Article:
PyPy is similar, but even more incorrect: it isn't even written in Python in the first place, it is written in RPython, which is a different language. It is syntactically similar to Python, semantically an "extended subset", but it actually is a statically-typed language roughly on the same abstraction level as Java, and its implementation is a compiler with multiple backends which compiles RPython to C source code, ECMAScript source code, CIL byte code, JVM bytecode, or Python sourcecode.
So is what I describe above possible? Can a self-host interpreter be independent of its original host? If so, how exactly would this be done?
No, not on its own. You would either need to keep the original interpreter or write a compiler and compile your self-interpreter.
There are some meta-circular VMs, such as Klein (written in Self) and Maxine (written in Java). Note, however, that here the definition of "meta-circular" is yet different: these VMs are not written in the language they execute: Klein executes Self bytecode but is written in Self, Maxine executes JVM bytecode but is written in Java. However, the Self / Java source code of the VM actually gets compiled to Self / JVM bytecode and then executed by the VM, so by the time the VM gets executed, it is in the language it executes. Phew.
Note also that this is different from VMs such as the SqueakVM and the Jikes RVM. Jikes is written in Java, and the SqueakVM is written in Slang (a statically typed syntactic and semantic subset of Smalltalk roughly on the same abstraction level as a high-level assembler), and both get statically compiled to native code before they are run. They don't run inside of themselves. You can, however, run them on-top of themselves (or on top of another Smalltalk VM / JVM). But that is not "meta-circular" in this sense.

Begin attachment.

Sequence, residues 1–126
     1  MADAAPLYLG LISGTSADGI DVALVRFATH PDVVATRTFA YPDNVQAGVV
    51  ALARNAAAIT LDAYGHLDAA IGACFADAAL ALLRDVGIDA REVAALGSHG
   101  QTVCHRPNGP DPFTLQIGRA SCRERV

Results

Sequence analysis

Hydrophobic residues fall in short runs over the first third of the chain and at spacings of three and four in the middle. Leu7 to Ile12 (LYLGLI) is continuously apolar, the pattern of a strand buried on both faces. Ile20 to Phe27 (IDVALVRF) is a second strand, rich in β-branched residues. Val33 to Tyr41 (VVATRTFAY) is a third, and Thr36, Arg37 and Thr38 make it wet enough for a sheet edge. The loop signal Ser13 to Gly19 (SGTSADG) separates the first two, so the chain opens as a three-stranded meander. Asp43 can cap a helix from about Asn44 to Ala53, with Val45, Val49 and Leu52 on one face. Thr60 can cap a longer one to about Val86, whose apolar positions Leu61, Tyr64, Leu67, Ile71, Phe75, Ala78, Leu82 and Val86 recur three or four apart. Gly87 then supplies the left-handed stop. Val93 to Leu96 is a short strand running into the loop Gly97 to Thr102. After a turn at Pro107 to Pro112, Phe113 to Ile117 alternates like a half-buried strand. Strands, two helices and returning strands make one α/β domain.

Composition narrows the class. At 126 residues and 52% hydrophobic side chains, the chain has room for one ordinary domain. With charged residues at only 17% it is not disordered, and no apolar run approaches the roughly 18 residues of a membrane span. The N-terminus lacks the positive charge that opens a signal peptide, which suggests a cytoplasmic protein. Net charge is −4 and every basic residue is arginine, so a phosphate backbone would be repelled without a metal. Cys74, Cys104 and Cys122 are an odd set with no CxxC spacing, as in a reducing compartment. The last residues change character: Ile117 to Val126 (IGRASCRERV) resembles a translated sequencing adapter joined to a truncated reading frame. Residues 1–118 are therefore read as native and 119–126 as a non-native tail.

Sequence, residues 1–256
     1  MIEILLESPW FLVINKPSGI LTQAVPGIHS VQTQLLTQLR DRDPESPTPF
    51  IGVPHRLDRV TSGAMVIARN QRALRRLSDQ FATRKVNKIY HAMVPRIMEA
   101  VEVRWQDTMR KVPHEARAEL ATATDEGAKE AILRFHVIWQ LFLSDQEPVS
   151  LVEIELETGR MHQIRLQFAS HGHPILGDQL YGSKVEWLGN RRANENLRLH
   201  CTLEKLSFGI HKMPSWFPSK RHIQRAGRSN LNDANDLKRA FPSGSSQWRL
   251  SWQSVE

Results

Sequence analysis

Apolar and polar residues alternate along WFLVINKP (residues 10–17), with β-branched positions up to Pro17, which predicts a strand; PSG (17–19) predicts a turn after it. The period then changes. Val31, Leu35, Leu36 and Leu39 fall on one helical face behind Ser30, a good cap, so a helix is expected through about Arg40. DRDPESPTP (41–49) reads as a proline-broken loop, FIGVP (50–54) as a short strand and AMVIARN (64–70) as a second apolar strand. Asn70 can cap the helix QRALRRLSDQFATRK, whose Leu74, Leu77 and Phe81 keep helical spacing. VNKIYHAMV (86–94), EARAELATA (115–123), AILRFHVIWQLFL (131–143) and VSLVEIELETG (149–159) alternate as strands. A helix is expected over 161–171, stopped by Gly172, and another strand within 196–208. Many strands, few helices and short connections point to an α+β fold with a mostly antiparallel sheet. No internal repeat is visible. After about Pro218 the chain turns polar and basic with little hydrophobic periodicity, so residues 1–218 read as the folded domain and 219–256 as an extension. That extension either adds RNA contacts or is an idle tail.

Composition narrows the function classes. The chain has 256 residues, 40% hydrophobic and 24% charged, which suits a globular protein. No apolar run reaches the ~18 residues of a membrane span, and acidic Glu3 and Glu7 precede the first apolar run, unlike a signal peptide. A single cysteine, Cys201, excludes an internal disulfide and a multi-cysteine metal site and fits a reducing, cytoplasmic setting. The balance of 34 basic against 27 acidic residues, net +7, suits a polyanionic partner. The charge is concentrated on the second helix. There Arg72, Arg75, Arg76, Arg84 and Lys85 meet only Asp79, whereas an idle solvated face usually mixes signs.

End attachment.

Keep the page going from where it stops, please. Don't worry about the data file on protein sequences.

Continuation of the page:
Maxine and Klein, OTOH do run inside of themselves; they execute their own bytecode using their own implementation. This is truly mindbending! It allows some cool optimization opportunities, for example since the VM executes itself together with the user program, it can inline calls from the user program to the VM and vice versa, e.g. call to the garbage collector or the memory allocator can be inlined into user code, and reflective callbacks in the user code can be inlined into the VM. Also, all of the clever optimization tricks that modern VMs do, where they watch the executing program and optimize it depending on the actual workload and data, the VM can apply those same tricks to itself while it is executing the user program while the user program is executing the specific workload. In other words, the VM highly specialized itself for that particular program running that particular workload.
However, notice I skirted around the use of the word "interpreter" above, and always used "execute"? Well, those VMs aren't built around interpreters, they are built around (JIT) compilers. There was an interpreter added to Maxine later, but you always need the compiler: you have to run the VM once on top of another VM (e.g. Oracle HotSpot in the case of Maxine), so that the VM can (JIT) compile itself. In the case of Maxine, it will JIT compile its own bootup phase, then serialize that compiled native code to a bootstrap VM image and stick a very simple bootloader in front (the only component of the VM written in C, although that's just for convenience, it could be in Java also). Now you can use Maxine to execute itself.